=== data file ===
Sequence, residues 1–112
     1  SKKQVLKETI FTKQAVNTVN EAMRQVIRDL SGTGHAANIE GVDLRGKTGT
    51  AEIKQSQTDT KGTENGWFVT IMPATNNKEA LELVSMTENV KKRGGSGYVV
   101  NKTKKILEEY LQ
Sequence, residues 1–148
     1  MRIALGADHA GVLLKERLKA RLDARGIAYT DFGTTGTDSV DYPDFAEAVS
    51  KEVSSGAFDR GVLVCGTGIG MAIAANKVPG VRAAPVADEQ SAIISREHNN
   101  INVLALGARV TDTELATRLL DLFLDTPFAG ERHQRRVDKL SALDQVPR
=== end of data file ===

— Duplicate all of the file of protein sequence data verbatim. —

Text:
Sequence, residues 1–112
     1  SKKQVLKETI FTKQAVNTVN EAMRQVIRDL SGTGHAANIE GVDLRGKTGT
    51  AEIKQSQTDT KGTENGWFVT IMPATNNKEA LELVSMTENV KKRGGSGYVV
   101  NKTKKILEEY LQ
Sequence, residues 1–148
     1  MRIALGADHA GVLLKERLKA RLDARGIAYT DFGTTGTDSV DYPDFAEAVS
    51  KEVSSGAFDR GVLVCGTGIG MAIAANKVPG VRAAPVADEQ SAIISREHNN
   101  INVLALGARV TDTELATRLL DLFLDTPFAG ERHQRRVDKL SALDQVPR